New World Van Lines

USDOT # 258748
5875 N Rogers Avenue
Chicago, IL 60290
Chicago
Illinois
Contact Phone:
Additional Phone: (773) 509-5938
Company Site: www.nwvl.com

Moving with New World Van Lines

To create a competitive advantage through effective use of the individual and collective talents of our people.
To use the latest in technology to advance our ability to better serve our national accounts.
To maintain an overriding commitment to customer satisfaction and a mutually beneficial partnership.
To preserve the health, safety, and dignity of our employees, our customers, and the environment in which we operate.
To challenge ourselves to continually improve in what we do.



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Your New World Van Lines Reviews

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We were to a great degree fulfilled by the administration we got! Our turn organizer Maureen was the best, she offered us smooth all the minor issues as they some assistance with coming up, made us feel we were never alone amid the move and we settled in our home with no issue. She was likewise exceptionally accommodating to help us with the further needs like getting some additional boxes we unloaded ourselves to be gotten, or one of the beds' legs to be settled in such a brief timeframe! I would likewise need to recognize the quick and additional cautious administration we got with our pressing group in VA. Much thanks to you!

Did You Know

QuestionBeginning the the early 20th century, the 1920's saw several major advancements. There was improvement in rural roads which was significant for the time.The diesel engine, which are 25-40% more efficient than gas engines were also a major breakthrough.We also saw the standardization of truck and trailer sizes along with fifth wheel coupling systems. Additionally power assisted brakes and steering developed. By 1933, all states had some form of varying truck weight regulation.

QuestionMany modern trucksare powered bydiesel engines, although small to medium size trucks with gas engines exist in the United States.The European Union rules that vehicles with a gross combination of mass up to 3,500 kg (7,716 lb) are also known as light commercial vehicles. Any vehicles exceeding that weightare knownas large goods vehicles.

QuestionDOT officers of each state are generally in charge of the enforcement of the Hours of Service (HOS). These are sometimes checked when CMVs pass through weigh stations. Drivers found to be in violation of the HOS canbe forcedto stop driving for a certain period of time. This, in turn, maynegativelyaffect the motor carrier's safety rating. Requests to change the HOS are a source of debate. Unfortunately, many surveysindicatedriversroutinelyget away with violating the HOS.Such facts have started yet another debate on whether motor carriers shouldbe requiredto us EOBRs in their vehicles.Relying on paper-based log books does not always seem to enforce the HOS law put in place for the safety of everyone.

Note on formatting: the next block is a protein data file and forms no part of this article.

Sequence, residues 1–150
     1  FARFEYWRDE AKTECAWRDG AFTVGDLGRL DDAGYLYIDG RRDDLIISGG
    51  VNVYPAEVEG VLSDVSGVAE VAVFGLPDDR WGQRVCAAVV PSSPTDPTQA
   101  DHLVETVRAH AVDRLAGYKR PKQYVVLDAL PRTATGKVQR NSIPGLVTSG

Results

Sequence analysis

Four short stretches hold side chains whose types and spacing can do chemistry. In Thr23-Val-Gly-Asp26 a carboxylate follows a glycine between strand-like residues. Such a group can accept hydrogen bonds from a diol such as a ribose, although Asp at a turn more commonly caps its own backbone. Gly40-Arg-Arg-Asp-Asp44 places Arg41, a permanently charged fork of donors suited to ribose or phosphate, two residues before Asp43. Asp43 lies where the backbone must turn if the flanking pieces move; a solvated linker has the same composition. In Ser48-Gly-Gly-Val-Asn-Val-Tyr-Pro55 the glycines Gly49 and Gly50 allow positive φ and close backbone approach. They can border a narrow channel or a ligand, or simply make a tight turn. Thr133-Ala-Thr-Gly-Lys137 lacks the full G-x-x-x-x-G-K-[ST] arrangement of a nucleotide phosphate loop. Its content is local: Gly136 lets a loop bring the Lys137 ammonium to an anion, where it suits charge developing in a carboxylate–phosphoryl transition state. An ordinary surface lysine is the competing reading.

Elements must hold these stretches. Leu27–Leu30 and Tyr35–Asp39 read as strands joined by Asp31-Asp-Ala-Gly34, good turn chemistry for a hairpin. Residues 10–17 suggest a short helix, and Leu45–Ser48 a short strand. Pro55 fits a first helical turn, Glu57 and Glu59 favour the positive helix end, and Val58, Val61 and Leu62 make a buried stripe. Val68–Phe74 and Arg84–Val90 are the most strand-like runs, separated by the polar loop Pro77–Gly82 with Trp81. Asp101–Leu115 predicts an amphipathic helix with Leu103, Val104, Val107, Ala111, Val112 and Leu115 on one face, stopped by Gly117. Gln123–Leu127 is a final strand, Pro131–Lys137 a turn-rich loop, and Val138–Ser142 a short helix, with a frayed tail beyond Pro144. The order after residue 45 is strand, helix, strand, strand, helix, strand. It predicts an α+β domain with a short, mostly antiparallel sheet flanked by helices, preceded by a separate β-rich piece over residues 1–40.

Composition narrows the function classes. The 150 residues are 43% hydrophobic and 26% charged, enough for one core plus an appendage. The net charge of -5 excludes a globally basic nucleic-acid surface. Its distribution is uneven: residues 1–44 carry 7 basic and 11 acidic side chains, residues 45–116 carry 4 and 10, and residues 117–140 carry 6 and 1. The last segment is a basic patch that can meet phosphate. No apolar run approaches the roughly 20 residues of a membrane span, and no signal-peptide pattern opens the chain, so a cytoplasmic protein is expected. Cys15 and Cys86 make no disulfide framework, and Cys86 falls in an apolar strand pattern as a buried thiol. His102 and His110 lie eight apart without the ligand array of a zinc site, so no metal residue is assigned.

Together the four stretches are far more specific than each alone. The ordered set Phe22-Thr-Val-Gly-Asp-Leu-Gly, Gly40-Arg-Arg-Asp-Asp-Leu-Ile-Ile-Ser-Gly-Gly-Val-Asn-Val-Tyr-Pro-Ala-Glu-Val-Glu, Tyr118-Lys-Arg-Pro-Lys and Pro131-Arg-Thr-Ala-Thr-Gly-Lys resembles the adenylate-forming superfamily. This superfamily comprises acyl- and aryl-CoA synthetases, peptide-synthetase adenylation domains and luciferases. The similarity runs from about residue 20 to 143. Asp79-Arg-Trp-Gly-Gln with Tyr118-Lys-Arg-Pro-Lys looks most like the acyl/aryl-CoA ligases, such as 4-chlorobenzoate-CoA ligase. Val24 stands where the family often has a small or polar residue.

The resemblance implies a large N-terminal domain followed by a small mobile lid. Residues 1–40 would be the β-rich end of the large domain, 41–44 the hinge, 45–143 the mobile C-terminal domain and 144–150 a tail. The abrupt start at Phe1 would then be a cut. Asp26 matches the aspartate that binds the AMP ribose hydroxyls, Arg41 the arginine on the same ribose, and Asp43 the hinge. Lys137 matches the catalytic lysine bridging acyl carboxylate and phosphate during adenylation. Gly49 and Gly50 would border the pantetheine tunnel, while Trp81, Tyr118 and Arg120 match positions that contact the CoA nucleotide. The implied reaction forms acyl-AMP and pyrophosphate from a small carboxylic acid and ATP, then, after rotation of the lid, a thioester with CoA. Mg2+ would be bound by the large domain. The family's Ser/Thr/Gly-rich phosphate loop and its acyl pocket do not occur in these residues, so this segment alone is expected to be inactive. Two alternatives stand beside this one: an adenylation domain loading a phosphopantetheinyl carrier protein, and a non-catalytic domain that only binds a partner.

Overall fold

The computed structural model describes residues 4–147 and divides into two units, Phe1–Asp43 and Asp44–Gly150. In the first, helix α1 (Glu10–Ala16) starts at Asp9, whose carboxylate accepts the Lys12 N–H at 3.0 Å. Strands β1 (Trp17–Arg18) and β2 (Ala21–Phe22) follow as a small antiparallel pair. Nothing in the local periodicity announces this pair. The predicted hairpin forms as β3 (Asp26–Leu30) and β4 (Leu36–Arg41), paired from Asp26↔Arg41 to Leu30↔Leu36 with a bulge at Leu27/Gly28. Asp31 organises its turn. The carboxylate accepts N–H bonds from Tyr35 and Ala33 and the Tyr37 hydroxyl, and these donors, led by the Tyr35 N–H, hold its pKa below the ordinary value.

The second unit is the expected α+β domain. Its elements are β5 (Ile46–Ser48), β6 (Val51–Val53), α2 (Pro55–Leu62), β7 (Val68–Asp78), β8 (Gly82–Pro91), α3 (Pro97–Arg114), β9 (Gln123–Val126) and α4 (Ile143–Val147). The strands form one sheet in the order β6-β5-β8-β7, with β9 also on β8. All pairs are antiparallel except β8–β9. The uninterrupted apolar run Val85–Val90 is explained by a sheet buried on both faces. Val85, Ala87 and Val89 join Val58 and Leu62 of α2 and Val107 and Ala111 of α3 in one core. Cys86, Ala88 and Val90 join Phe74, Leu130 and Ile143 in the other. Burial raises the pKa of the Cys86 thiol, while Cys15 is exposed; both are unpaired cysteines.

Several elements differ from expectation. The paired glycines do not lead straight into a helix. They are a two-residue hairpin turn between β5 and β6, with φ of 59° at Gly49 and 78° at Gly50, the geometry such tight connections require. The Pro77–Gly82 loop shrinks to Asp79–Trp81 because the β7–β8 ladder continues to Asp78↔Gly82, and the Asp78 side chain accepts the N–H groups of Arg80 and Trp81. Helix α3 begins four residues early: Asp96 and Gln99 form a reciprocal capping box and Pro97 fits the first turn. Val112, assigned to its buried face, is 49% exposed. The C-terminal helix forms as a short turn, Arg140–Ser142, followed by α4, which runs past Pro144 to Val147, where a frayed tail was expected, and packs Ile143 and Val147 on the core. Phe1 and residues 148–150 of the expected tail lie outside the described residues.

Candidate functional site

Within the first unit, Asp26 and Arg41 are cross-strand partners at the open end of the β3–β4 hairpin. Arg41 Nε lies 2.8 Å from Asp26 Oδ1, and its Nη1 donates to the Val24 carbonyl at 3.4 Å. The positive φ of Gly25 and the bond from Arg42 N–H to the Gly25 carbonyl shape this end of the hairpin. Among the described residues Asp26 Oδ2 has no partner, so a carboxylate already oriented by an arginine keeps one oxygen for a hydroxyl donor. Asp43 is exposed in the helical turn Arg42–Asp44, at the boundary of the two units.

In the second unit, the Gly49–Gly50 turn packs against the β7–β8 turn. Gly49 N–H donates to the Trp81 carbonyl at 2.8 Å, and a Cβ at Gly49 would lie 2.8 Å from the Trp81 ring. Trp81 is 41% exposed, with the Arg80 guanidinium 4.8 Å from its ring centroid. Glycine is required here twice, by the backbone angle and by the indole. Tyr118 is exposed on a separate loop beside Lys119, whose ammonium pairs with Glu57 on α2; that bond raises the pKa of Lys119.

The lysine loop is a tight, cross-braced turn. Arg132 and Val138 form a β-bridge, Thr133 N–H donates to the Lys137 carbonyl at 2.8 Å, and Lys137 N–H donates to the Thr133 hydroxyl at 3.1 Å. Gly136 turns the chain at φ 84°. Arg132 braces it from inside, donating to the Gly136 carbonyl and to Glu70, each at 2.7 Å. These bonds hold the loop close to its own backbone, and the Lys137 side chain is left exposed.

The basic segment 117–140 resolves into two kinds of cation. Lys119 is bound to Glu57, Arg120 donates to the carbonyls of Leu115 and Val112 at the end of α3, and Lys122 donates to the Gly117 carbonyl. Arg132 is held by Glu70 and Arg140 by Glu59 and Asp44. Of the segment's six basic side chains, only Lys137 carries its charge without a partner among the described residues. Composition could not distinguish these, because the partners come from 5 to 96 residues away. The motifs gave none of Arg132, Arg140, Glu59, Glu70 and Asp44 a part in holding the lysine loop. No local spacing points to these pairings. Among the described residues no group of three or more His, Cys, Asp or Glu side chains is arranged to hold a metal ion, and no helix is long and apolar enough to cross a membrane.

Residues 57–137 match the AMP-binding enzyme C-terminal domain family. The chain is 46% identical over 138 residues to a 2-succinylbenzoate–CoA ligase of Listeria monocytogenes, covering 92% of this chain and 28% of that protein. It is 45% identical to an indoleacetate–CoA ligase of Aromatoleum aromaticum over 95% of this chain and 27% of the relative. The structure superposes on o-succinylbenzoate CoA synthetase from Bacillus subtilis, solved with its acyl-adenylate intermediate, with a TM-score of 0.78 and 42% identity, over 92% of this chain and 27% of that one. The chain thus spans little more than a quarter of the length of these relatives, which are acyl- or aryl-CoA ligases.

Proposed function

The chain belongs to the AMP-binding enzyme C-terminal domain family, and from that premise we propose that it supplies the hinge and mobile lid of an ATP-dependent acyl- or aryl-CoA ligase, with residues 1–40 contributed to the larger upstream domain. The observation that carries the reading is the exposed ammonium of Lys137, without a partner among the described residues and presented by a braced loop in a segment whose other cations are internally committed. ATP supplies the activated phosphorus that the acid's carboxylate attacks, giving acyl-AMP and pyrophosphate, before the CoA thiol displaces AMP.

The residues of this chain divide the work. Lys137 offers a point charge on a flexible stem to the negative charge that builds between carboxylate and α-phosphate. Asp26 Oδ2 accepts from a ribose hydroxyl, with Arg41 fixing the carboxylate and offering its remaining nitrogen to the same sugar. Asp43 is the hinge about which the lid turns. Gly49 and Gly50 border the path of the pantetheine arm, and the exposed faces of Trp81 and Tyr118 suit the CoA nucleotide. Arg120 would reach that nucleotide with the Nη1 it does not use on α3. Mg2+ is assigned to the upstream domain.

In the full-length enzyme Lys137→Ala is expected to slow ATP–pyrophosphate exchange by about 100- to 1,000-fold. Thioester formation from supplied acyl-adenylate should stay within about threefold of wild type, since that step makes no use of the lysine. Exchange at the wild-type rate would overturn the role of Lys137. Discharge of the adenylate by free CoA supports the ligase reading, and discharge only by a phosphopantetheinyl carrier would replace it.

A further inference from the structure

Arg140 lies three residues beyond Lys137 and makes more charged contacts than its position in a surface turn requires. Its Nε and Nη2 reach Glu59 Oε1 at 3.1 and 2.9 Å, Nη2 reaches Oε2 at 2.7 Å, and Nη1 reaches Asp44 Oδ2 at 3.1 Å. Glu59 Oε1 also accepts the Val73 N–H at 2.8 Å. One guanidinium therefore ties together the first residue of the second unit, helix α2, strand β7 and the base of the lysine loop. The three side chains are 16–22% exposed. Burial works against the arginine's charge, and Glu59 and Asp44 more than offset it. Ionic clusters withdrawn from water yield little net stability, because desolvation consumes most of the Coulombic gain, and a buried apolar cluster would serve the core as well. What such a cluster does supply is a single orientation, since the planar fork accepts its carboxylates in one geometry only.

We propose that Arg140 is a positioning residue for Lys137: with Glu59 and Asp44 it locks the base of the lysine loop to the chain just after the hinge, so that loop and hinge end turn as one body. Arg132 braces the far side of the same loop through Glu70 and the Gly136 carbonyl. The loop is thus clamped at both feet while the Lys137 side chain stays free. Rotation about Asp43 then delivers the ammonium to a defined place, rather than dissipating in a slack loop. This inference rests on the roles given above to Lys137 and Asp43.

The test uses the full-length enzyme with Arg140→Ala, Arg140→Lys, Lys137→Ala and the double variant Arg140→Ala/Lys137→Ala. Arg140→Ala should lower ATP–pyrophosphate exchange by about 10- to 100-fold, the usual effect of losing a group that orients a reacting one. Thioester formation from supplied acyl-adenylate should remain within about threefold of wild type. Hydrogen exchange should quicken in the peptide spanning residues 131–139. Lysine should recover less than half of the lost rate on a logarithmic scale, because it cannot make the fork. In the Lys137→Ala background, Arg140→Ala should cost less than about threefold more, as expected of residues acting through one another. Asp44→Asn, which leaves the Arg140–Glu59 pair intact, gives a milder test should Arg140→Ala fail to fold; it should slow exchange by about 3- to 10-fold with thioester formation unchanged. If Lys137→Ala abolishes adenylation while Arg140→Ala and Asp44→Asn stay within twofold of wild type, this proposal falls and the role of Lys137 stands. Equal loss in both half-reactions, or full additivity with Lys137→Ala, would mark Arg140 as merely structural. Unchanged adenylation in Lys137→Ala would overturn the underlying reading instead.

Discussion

Question

The rise of technological development gave rise to the modern trucking industry.There a few factors supporting this spike in the industry such as the advent of the gas-powered internal combustion engine.Improvement in transmissions is yet another source,justlike the move away from chain drives to gear drives. And of course the development of the tractor/semi-trailer combination.
The first state weight limits for truckswere determinedand put in place in 1913.Only four states limited truck weights, from a low of 18,000 pounds (8,200 kg) in Maine to a high of 28,000 pounds (13,000 kg) in Massachusetts. The intention of these laws was to protect the earth and gravel-surfaced roads. In this case, particular damages due to the iron and solid rubber wheels of early trucks. By 1914 there were almost 100,000 trucks on America's roads.As a result of solid tires, poor rural roads, and amaximumspeed of 15 miles per hour (24km/h) continued to limit the use of these trucks tomostlyurban areas.

QuestionWith the ending of World War I, several developmentswere madeto enhance trucks.Such an example would be by putting pneumatic tires replaced thepreviouslycommon full rubber versions.These advancements continued, including electric starters, power brakes, 4, 6, and 8 cylinder engines. Closed cabs and electric lighting followed. The modern semi-trailer truck also debuted.Additionally, touring car builders such as Ford and Renault entered the heavy truck market.